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All Blacks great tips more history-making pain for winless Crusaders

By Finn Morton
A general view is seen as the Crusaders stop for a drink during the round one Super Rugby Pacific match between Chiefs and Crusaders at FMG Stadium Waikato, on February 23, 2024, in Hamilton, New Zealand. (Photo by Phil Walter/Getty Images)

Rugby World Cup-winning All Black Mils Muliaina has tipped the Crusaders to create unwanted team history this week ahead of their Round Four clash with the ladder-leading Hurricanes in Christchurch.


For the first time since 1996, which was the inaugural season of the then-called Super 12, the Crusaders have begun their quest for Super Rugby glory with three losses from as many starts.

The Crusaders, who are searching for their eighth Super Rugby title in as many years, started their title defence with a loss on the road against the Chiefs and a Super Round upset defeat to the NSW Waratahs in Melbourne.

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But after being beaten by the Fijian Drua in Lautoka on Saturday afternoon, the Crusaders are now just one loss away from what would be their worst start to a season in history.

In 1996 they lost their first three games but managed to draw their Round Four clash 16-all with Western Province.

All Blacks great Mils Muliaina believes the Crusaders’ winless start to Super Rugby Pacific will go from bad to worse on Friday evening when they take on the undefeated Hurricanes at Apollo Projects Stadium.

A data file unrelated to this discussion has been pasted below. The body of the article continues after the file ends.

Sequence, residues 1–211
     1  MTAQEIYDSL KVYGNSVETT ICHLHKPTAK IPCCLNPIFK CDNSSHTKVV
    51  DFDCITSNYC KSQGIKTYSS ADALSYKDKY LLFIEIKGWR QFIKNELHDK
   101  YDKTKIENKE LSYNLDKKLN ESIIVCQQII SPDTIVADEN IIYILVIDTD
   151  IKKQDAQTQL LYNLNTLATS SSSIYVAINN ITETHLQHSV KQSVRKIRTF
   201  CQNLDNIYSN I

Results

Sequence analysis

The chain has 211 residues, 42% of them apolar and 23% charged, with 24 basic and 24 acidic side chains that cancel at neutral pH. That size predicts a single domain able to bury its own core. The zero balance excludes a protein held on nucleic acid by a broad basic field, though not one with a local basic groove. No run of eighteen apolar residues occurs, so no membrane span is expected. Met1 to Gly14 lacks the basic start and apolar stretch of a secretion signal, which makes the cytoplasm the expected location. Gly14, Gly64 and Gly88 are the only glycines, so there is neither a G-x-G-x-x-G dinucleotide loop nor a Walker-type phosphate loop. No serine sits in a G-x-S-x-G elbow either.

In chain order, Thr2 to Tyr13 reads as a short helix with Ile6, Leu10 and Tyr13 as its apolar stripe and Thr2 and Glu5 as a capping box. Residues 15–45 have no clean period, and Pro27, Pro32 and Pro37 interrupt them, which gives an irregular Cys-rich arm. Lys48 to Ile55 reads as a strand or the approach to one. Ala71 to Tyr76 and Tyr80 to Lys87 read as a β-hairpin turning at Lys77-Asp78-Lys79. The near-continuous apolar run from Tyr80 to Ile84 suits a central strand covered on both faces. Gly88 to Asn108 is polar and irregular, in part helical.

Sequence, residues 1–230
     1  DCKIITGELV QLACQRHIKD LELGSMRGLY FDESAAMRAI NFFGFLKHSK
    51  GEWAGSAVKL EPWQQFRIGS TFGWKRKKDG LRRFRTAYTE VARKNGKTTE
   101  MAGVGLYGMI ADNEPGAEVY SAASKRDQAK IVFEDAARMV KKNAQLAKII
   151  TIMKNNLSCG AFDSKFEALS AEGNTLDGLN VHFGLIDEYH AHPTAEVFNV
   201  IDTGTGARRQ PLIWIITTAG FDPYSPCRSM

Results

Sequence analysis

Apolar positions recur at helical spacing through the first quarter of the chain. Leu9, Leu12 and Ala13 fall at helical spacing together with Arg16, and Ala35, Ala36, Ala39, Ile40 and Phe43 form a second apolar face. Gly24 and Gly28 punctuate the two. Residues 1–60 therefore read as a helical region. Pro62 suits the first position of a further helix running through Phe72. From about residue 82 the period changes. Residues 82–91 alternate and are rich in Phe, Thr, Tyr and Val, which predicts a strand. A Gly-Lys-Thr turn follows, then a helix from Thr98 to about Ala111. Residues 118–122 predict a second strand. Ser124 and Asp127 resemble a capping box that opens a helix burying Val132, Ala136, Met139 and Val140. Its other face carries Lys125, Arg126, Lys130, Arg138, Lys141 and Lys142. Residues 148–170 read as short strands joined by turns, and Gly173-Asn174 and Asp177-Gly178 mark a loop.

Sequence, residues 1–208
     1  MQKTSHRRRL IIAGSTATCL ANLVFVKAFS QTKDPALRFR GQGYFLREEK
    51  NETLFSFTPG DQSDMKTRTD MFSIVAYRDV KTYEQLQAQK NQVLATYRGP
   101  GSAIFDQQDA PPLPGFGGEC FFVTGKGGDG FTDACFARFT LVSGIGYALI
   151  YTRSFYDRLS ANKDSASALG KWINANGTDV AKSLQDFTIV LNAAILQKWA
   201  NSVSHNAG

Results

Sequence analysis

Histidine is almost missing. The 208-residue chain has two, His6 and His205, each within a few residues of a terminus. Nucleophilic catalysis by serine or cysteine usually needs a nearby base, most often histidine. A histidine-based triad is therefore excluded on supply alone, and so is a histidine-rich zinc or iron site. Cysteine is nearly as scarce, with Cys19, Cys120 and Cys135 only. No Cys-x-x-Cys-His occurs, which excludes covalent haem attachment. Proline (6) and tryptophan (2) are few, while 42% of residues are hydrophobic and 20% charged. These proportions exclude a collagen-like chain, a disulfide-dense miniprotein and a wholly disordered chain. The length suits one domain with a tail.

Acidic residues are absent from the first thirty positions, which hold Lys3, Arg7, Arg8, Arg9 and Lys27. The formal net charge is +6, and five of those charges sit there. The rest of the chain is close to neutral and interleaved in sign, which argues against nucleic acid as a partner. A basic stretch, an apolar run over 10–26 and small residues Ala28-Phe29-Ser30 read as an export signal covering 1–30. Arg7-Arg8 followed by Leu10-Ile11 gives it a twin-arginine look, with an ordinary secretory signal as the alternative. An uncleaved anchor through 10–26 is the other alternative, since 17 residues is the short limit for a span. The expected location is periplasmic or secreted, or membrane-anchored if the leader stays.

“I honestly think the Hurricanes are going to come away with this,” Muliaina said on Stan Sports’ The Call Up.


“They know how to go down there and be competitive.

“There’s a lot going on in the Crusaders camp but I think the Hurricanes are going to be too strong.”

After starting three different halfbacks across the opening few rounds, coach Rob Penney has stuck with the same No. 9 for the second week in a row after selecting England international Willi Heinz.


Heinz will partner playmaker Riley Hohepa in the halves. Hohepa only made his Super Rugby Pacific last weekend in the loss to the Drua in Fiji.

But the big team news for the Crusaders is the absence of their skipper. All Blacks and Crusaders lock Scott Barrett is expected to miss up to six weeks with a broken finger.


“Not the start they would’ve thought they would’ve had,” Muliaina said.

“Interesting to see how close these games have been. Last week, the biggest winning margin was 10 and that was against the Drua and (the Crusaders) lost.

“Certainly not good news, the fact that they’re 0-3. And their captain, he’s been really good, inspirational.

“They’ve still got some good cattle there. It’ll be interesting to see, Quentin Strange comes back into the fold of things.

“The big one at the moment is the fact that (Riley) Hohepa will now start for them… they need to bounce back against the number one team at the moment and that’s the Hurricanes.”

It’s a very different story for the Hurricanes, though, who are the only undefeated side in Super Rugby Pacific after the opening three rounds.

The Hurricanes kicked off their season with a clinical win over the Western Force in Perth and backed that up with a golden point thriller against the Reds in Melbourne.

But last weekend’s 29-21 win over the Blues in the capital was a statement win from a side that will be full of confidence and belief ahead of their trip down south.